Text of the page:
Design and Layout

The design of the questionnaire will determine whether the data collected will be valid and reliable. Although the researcher’s input is invaluable, ultimately the responsibility for approving the questionnaire lies with the manager. Therefore, s/he must be able to not only evaluate the questionnaire itself, but also the specific wording of questions.

There are three steps to questionnaire design:

  1. What information is needed to answer the research question(s): this requires a thorough understanding of the research objectives and data gathering method chosen as well as of the respondents’ reaction to the research and willingness to provide the information needed;
  2. How are the questions to be asked, that is to say the types of questions that will be used and the actual wording; and
  3. In which order will the questions be asked: this includes the visual layout and physical characteristics of the questionnaire (see layout and sequencing), and the pretesting of the instrument to ensure that all steps are properly carried out.

Layout and Sequencing

Probably the most challenging questionnaires to design are for self-administered surveys, since their appearance is critical in motivating respondents. If the font is too small, the instructions confusing, the look unprofessional or cluttered, you can be sure that it will have an immediate impact on both the overall response rate and non-response error.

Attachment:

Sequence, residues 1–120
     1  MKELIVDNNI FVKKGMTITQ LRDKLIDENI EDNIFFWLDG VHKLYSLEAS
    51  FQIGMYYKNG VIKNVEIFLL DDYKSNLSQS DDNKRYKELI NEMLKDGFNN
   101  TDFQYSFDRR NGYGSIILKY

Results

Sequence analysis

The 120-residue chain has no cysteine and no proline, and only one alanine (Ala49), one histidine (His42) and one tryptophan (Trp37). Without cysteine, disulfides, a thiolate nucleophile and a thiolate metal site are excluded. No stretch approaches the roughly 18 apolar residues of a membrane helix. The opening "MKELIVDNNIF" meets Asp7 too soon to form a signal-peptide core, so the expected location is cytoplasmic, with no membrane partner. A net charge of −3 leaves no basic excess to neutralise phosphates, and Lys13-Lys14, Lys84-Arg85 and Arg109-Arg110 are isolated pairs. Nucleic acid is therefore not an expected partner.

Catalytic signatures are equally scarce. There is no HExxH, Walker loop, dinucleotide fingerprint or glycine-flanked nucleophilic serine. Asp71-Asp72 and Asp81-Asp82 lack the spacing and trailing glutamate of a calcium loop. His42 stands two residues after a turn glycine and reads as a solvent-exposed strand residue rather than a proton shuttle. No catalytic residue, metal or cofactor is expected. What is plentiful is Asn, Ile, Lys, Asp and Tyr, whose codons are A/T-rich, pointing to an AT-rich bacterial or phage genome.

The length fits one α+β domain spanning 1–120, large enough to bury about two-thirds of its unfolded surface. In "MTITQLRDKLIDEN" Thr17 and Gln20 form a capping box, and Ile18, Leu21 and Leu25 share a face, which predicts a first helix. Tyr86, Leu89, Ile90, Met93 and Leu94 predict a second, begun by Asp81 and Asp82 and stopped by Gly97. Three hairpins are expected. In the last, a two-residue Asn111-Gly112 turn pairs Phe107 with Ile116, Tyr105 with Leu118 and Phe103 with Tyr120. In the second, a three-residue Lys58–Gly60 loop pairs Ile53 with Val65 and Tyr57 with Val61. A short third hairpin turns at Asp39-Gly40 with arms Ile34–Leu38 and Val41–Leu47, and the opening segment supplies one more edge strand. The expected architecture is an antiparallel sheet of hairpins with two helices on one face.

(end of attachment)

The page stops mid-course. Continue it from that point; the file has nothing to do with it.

Even if there is a covering letter to accompany the survey, it is a good idea to reiterate the key points about the importance of the survey, due date and where to return it at the top of the questionnaire, in case it gets separated from the covering letter. It is critical that the first several questions engage the respondent. They should also be relevant to the study itself so that the respondent quickly understands what the survey is about and becomes engaged in is objectives. These questions should be straightforward with relatively few categories of response. Also, respondents should not be asked to agree or disagree with a position at the outset, but rather eased into the survey by asking them what they think is important or what they prefer.